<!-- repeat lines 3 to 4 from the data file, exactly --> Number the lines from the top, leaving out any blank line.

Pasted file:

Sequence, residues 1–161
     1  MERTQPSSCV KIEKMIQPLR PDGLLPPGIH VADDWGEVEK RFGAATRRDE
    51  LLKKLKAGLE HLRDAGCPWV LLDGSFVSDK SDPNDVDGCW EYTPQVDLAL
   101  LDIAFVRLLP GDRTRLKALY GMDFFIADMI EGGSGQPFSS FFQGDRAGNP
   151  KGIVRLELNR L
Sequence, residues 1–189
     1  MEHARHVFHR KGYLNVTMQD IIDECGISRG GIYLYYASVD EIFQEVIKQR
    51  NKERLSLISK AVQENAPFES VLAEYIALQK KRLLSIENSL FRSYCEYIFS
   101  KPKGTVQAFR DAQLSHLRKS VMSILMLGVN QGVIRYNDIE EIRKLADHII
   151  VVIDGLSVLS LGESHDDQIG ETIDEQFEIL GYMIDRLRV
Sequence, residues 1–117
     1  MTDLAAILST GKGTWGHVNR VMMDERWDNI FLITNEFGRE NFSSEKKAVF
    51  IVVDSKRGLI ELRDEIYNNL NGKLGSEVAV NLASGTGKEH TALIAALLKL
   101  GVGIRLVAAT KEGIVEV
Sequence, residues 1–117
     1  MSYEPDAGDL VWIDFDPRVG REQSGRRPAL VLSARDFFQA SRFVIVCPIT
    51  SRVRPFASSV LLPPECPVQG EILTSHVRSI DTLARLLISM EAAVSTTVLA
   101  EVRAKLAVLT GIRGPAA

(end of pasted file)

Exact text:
    51  LLKKLKAGLE HLRDAGCPWV LLDGSFVSDK SDPNDVDGCW EYTPQVDLAL
   101  LDIAFVRLLP GDRTRLKALY GMDFFIADMI EGGSGQPFSS FFQGDRAGNP